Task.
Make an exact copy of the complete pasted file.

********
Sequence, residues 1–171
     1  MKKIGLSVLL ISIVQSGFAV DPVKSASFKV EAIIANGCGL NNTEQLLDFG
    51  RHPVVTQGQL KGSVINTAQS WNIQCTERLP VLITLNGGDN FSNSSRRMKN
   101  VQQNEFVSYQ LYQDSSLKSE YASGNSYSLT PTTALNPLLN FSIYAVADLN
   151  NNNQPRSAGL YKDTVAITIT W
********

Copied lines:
Sequence, residues 1–171
     1  MKKIGLSVLL ISIVQSGFAV DPVKSASFKV EAIIANGCGL NNTEQLLDFG
    51  RHPVVTQGQL KGSVINTAQS WNIQCTERLP VLITLNGGDN FSNSSRRMKN
   101  VQQNEFVSYQ LYQDSSLKSE YASGNSYSLT PTTALNPLLN FSIYAVADLN
   151  NNNQPRSAGL YKDTVAITIT W